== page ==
extremely well informed lines in this current Two-Cultures Revisited
exchange, I am reminded of a little innocent incidence in my teaching
this morning and a sort of conclusion (prejudice) that I have carried
around with me for a long time.
The class is for students of Digital Media, it is international. It
is "Design.Media.Programming". We were doing basics of programming in
Processing this morning. Analyzing a simple algorithmic drawing for
options of generalization. From there, we went on to randomness,
random numbers, stocastic processes. They all know, of course, that
their systems allow them to call a function "random" that is supposed
to give them a random number.
So far, so well. But they were not sure about the question of
randomness on a digital computer. What does it mean? Does it make
sense? We therefore convinced ourselves that there is no randomness
on the computer whatsoever. However, despite this clear statement, it
makes sense to talk of pseudo-randomness in a very clear sense. You
can describe it precisely.
So we came from some simple aesthetic considerations (Vorkurs am
Bauhaus type) and were lead to probability theory. That's already, I
want to suggest, a little and innocent path between the cultures (if
we still want to call them such). However, we continued a bit.
Isn't it totally boring, the question went on, to use only uniform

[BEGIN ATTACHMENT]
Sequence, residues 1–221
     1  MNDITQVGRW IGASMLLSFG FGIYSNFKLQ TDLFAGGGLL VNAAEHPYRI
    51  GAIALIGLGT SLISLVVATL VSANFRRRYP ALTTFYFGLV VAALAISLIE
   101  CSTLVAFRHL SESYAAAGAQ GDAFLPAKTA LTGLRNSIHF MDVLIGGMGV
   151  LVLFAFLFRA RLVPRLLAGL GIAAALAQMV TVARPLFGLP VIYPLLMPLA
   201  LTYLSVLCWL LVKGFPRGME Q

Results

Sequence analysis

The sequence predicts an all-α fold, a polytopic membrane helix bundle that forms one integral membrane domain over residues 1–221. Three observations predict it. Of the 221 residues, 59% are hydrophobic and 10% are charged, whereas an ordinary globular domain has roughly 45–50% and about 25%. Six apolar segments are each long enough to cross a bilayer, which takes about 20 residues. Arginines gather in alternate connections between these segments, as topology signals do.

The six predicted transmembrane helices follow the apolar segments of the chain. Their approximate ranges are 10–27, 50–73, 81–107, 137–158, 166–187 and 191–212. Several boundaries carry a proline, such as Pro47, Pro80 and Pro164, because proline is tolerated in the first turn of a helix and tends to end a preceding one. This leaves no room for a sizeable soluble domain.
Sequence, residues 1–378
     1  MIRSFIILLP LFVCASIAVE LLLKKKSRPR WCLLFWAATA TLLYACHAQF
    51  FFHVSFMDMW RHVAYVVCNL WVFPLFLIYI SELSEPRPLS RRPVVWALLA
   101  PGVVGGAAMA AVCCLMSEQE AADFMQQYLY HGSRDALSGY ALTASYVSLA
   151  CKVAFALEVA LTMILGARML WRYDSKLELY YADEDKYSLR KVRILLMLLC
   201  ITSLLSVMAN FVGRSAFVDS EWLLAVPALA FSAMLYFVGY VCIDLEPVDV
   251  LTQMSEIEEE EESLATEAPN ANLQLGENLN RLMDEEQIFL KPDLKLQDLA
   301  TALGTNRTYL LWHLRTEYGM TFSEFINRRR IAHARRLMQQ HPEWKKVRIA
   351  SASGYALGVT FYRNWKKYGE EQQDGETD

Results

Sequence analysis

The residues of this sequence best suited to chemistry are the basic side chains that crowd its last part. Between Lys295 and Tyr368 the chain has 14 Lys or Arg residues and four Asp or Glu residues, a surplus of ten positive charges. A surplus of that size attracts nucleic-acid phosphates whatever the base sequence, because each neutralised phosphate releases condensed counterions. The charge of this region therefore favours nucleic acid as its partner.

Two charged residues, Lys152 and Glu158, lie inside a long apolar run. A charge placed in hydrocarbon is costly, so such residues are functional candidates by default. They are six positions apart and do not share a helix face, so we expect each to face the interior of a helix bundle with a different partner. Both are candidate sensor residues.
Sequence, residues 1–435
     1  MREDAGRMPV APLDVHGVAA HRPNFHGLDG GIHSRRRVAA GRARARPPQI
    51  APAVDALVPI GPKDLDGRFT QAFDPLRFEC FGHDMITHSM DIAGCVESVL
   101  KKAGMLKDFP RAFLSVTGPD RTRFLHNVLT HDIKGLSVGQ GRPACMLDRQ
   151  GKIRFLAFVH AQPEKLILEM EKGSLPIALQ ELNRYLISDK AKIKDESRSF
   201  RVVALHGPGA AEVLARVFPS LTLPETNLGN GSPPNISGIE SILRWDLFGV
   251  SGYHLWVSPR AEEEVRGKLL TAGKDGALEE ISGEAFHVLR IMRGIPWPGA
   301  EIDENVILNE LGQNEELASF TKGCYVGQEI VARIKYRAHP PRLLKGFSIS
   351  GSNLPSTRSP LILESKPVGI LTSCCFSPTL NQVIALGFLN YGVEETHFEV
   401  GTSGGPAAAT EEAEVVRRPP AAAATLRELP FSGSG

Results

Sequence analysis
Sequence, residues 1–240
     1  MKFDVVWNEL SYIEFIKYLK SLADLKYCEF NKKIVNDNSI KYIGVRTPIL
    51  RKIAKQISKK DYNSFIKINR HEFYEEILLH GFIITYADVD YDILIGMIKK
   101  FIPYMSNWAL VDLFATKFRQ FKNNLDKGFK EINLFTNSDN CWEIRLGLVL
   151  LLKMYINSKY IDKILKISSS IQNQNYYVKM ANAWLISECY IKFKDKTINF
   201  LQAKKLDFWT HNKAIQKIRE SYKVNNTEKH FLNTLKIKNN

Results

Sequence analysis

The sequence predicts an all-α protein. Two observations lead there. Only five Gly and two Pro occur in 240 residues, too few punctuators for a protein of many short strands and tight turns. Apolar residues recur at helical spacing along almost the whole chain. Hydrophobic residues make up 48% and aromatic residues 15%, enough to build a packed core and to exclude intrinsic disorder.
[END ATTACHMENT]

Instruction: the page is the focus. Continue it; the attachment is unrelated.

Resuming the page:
probability distributions (and their corresponding pseudo-random
numbers)? Instead of all sorts of distributions (discrete, Poisson,
Normal). Because with them you gain in algorithmic aesthetics. Yes,
that might be interesting. But do you get it? Simple: you only need
uniform distributions, that you then transform into whatever other
distribution function you have.
That's the story. Its point is that students usually have no way to
understand, let alone develop for themselves those transformations.
But they do need them now. C.P. Snow would treat this more or less as
a language problem. The two cultures cannot talk to each other. But I
have come to believe, it is a matter of attitude. What do you expect
and request from yourself!
Prof. Dr. Frieder Nake
Informatik, University of Bremen, PO Box 330440, D-28334 Bremen, Germany
or: University of the Arts, Am Speicher XI 8, D-28217 Bremen
(for parcels use: FB 3, University of Bremen, Bibliothekstrasse,
D-28359 Bremen, Germany)
fon +49-421-218 3525 or +49-421-9595 1267 fax +49-421-218 4322
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